WASHINGTON (Reuters) - Police arrested hundreds of young people
protesting the Keystone XL project on Sunday, as demonstrators fastened
themselves with plastic ties to the White House fences and called for
U.S. President Barack Obama to reject the controversial oil pipeline.
Participants, who mostly appeared to be college-aged, held signs
reading: "There is no planet B" and "Columbia says no to fossil
fuels," referring to the university in New York City.
Another group, several of whom were clad in white jumpsuits
splattered with black ink that was meant to represent oil, lay down
on a black tarp spread out on Pennsylvania Avenue to stage a mock
Organizers estimated 1,000 people protested and said several hundred
agreed to risk arrest by refusing to leave the sidewalk in front of
the White House. Citing U.S. Park Police figures, the organizers
said later that almost 400 people were arrested.
"If the Democratic Party wants to keep our vote, they better make
sure President Obama rejects that pipeline," said Nick Stracco, a
23-year-old student at Tulane University in New Orleans.
Canadian energy firm TransCanada Corp is behind the proposed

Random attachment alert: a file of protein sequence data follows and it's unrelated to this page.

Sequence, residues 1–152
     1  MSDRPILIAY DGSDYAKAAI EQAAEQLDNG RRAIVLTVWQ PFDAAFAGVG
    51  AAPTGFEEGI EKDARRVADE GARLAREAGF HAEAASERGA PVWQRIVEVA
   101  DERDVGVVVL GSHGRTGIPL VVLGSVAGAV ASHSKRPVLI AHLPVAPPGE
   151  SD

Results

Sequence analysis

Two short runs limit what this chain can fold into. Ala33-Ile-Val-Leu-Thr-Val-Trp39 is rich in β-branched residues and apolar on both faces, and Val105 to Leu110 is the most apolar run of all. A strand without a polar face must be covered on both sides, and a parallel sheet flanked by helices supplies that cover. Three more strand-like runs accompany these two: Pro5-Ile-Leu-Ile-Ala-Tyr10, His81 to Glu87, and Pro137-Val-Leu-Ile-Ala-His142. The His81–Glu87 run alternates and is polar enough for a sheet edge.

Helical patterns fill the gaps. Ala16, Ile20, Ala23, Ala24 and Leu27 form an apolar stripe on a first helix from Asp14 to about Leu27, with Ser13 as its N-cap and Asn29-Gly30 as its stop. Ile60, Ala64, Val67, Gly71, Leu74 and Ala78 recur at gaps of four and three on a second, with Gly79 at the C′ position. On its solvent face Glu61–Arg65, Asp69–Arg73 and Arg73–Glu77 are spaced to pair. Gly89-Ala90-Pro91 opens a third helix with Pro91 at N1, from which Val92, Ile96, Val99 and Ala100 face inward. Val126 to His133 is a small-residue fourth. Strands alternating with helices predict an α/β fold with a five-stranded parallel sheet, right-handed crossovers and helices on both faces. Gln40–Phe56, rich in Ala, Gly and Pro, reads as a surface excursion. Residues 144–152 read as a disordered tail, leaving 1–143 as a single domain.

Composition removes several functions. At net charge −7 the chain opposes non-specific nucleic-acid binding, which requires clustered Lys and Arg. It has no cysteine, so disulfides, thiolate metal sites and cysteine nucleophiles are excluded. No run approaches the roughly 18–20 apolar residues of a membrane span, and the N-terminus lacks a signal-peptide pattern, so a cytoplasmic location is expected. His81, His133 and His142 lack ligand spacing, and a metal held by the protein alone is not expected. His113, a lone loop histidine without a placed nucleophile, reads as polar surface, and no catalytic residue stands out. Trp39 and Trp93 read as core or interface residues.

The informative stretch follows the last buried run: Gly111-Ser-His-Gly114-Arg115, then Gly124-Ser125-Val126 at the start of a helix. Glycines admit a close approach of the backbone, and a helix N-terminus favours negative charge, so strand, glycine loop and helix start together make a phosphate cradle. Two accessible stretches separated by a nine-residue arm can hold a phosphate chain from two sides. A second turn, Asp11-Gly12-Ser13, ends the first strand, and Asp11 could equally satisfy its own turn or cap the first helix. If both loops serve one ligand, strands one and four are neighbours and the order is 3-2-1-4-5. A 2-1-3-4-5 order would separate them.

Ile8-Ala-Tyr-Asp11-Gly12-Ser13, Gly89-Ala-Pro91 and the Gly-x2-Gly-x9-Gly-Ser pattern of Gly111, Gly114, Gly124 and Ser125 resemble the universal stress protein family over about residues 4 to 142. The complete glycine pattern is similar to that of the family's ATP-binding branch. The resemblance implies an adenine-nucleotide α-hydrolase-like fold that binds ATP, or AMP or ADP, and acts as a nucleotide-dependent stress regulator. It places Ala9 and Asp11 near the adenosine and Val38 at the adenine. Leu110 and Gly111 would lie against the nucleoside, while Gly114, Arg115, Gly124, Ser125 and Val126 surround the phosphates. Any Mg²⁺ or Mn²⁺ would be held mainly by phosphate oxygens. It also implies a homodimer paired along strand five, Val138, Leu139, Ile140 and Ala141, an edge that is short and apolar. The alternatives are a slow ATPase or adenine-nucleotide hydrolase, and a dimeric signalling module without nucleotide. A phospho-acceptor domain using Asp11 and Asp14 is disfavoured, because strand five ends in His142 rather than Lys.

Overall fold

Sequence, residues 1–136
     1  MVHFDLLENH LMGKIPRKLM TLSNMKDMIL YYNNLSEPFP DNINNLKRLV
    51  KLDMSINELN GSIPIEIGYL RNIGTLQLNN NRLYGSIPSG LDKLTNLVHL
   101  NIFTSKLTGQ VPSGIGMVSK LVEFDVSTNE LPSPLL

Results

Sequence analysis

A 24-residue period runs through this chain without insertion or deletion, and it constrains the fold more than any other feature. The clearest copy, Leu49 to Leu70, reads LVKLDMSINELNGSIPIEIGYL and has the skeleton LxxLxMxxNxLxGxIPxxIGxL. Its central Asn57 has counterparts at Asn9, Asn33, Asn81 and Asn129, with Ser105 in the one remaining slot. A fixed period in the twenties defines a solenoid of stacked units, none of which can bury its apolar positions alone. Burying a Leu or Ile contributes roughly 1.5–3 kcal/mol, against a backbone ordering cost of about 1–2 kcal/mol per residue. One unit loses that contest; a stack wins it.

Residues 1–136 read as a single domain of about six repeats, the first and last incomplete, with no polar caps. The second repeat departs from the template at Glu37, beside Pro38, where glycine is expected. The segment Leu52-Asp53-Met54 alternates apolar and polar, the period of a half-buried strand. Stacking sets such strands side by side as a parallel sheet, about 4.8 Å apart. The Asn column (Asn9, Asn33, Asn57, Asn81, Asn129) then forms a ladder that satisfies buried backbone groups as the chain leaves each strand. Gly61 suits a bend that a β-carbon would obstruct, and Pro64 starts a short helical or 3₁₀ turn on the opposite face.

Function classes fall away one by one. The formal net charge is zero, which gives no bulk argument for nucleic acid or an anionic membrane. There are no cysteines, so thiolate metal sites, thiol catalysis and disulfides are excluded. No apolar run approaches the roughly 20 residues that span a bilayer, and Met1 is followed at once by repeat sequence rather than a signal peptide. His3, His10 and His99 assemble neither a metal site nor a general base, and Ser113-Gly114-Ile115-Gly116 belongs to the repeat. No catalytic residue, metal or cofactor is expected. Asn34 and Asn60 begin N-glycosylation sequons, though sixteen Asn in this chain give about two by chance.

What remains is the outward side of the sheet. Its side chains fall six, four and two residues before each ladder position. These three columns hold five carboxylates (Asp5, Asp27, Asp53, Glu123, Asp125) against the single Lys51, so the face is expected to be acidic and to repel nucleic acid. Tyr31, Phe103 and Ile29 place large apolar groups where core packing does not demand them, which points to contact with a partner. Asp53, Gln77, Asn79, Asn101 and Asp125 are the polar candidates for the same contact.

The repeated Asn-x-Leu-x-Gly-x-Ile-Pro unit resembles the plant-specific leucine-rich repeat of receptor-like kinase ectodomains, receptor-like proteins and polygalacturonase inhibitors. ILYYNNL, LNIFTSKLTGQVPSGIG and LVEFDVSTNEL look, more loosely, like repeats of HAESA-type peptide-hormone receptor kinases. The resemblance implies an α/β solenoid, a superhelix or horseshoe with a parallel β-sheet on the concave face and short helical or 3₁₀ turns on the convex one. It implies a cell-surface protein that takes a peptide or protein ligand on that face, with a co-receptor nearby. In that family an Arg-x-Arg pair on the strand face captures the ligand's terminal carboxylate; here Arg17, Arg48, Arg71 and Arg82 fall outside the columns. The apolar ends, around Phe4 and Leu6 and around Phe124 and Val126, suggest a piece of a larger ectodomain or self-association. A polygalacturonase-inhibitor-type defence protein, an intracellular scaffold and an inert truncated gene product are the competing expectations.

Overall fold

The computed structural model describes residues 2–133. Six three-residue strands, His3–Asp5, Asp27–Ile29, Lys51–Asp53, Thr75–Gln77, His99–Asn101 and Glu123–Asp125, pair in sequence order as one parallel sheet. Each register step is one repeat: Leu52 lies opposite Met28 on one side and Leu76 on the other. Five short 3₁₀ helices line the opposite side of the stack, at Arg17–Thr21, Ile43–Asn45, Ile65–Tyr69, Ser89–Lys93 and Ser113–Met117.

pipeline that would carry crude from Alberta's oil sands to
refineries on the U.S. Gulf Coast.
The project already weathered a State Department environmental
review, which was required because the project would cross
international borders. Several other agencies also are doing
reviews, and Obama has the final say.
Environmental groups, which fear oil spills along the pipeline and
say it could hasten climate change, have staged a number of protests
at the White House over Keystone.
Supporters of the $5.4 billion pipeline say it would create
thousands of temporary construction jobs and improve U.S. energy
"Today's protest represents a fringe minority of people against any
use of fossil fuels," said Matt Dempsey of Oil Sands Fact Check.
"This extreme position is well outside the American mainstream. Even
President Obama says we need an "all of the above" approach to
energy. As a result, today's protest does little but expose the
extreme nature of these last remaining Keystone XL opponents."
Sunday's event, which was planned by students with support from
environmental groups 350.org and the Energy Action Coalition, began
with a rally at Georgetown University, where Obama unveiled a
climate change plan last summer.
The group marched to the White House, where police began arresting
protesters, pulling them aside in small groups into tents set up on
Organizers said they intended to remind the White House that young
people are a key voting demographic of the president's party and
their peers do not want to inherit environmental damage caused by
"Our future is on the line. The climate is on the line," said Aly
Johnson-Kurts, 20, who is taking a year off from Smith College in
Massachusetts. She said she had decided to get arrested on Sunday.
"When do we say we've had enough?"
(Reporting by Emily Stephenson; Editing by Meredith Mazzilli and